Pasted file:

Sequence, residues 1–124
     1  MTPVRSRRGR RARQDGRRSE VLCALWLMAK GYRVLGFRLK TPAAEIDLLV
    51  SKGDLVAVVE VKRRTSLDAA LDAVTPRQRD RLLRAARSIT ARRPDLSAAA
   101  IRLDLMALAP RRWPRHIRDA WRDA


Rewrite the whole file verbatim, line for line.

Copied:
Sequence, residues 1–124
     1  MTPVRSRRGR RARQDGRRSE VLCALWLMAK GYRVLGFRLK TPAAEIDLLV
    51  SKGDLVAVVE VKRRTSLDAA LDAVTPRQRD RLLRAARSIT ARRPDLSAAA
   101  IRLDLMALAP RRWPRHIRDA WRDA